Parenthesis: I came home via Marks and Sparks to get the ingredients. An elderly woman was scanning the newspapers on the display in the entrance. ‘E can bloody piss off an all,’ she snarled. Well, one was somewhat taken aback; was it perhaps one’s duty to alert the manager? This was hardly the kind of language one expects in Marks and Spencer’s, after all. Tesco, madam, is only two minutes from here and your sort are probably more common there. ‘Thy kin bloody piss off, the lot of ‘em, what they're doing to people,’ she went on. With her walking stick she indicated a mug-shot of David Cameron on the front page of the Mail. So we had a brief chunter together about what a posh southern twat he is, and how we’d neither of us ever vote for the bugger, and then I went off to get the briam together. You need:
A couple of courgettes
A red pepper
A green pepper
Some open-leaf parsley
Some olive oil. Rather a lot, in fact.
A teaspoon or so of tomato puree
Thyme or oregano
Salt and pepper
Most Greek cooks would put in an aubergine, but the charm of aubergines is lost on me, hence their absence here. Chop the lot and sling it in a casserole. Add okra if you must - or add slugs, the effect will be the same. Anoint with the herbs, oil and tomato puree, and season. I had some cherry tomatoes in the fridge that were just this side of usable, so they went in as well. Heat the oven to something suitable, put the uncovered casserole in and then go and do something else for half an hour or so. Some people I know prefer to make this on the hob rather than in the oven, which is entirely their business, of course, but I always get a feeling of virtuousness doing it my way. The aroma of peppers, onions and garlic wafting on the air always seems stronger and sweeter when it’s issuing from the oven. It’s ready when all the vegetables are just tender. Since briam is something akin to ratatouille, I did consider staggering the cooking time as you do with the Frog dish, starting the onion and root veg first, then the tomatoes, and the peppers and courgettes last. If you were coming to dinner, I might have, but since you aren’t, sod it. (I lived to regret this decision.)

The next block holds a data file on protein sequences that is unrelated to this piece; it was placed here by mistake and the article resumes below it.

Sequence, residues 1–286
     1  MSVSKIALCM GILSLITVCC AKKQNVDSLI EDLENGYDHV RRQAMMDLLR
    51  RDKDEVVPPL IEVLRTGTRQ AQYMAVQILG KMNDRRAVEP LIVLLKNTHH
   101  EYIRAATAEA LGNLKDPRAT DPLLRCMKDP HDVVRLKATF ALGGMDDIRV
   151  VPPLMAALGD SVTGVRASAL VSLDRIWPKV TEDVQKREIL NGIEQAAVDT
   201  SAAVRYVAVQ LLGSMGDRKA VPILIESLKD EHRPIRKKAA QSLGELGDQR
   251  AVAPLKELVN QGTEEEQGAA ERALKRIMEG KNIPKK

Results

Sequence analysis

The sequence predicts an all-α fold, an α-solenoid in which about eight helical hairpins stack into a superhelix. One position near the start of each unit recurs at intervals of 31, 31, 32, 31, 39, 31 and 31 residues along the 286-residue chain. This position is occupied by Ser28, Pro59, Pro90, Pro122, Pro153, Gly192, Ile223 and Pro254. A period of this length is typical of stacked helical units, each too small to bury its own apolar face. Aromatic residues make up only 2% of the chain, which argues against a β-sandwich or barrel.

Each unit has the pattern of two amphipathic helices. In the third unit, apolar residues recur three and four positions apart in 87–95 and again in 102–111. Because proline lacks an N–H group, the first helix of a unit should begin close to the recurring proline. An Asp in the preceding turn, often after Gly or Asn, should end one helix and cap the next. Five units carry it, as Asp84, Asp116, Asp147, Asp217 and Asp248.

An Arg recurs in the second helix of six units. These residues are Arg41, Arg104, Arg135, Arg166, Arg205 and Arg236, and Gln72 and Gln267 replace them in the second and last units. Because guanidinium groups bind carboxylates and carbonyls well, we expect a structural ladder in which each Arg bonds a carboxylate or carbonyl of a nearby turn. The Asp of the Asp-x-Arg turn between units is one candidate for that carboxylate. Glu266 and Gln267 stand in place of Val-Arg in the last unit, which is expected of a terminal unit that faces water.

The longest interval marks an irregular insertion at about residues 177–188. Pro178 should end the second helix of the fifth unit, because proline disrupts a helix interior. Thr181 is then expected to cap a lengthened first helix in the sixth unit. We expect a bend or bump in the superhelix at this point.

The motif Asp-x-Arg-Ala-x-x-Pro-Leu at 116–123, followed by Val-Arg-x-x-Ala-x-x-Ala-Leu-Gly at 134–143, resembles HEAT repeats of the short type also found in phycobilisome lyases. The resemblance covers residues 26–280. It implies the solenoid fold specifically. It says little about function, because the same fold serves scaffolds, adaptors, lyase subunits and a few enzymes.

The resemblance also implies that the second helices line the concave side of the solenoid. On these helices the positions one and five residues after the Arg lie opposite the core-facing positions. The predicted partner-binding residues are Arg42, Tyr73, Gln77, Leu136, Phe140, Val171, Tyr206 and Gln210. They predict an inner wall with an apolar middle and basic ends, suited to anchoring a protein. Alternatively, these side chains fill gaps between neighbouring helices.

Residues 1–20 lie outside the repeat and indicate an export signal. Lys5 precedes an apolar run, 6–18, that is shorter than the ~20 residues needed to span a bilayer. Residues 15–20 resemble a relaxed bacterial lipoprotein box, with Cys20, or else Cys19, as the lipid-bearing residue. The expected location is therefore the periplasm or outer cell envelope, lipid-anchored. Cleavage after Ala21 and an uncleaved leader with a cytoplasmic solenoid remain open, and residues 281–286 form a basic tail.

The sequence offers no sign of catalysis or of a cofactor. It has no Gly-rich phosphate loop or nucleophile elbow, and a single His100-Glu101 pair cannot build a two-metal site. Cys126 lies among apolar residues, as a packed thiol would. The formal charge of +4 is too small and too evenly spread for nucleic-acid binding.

In Greece you’d eat your briam at room temperature, served with bread and probably some cubes of cheese on a side dish. That’s what I’m going to do tonight. I have some excellent wholemeal bread, paid for trans-nasally at the ever-so-ever-so artisan bakery place up the road, and some Red Leicester. No feta, unfortunately, as Marks and Sparks were out. Speaking of feta, I mind of watching Jamie Oliver on Greek TV. He was doing something typically Jameyish with his feta – strewing it with chillies, lemon zest, herbs and greenery, probably – and he remarked that ‘feta’s not considered a particularly classy cheese’. Which word in that phrase did not make it into the Greek subtitles? Answers on a post-card, please.
I'm going to make another one tomorrow, and this time I will stagger the cooking time and I won't forget the fucking salt.
P.S. The second attempt was much better - cooked root veg and onions first, then added the softer veg and baked without covering the casserole. Took it out just as the edges of the vegetables on top were beginning to brown slightly.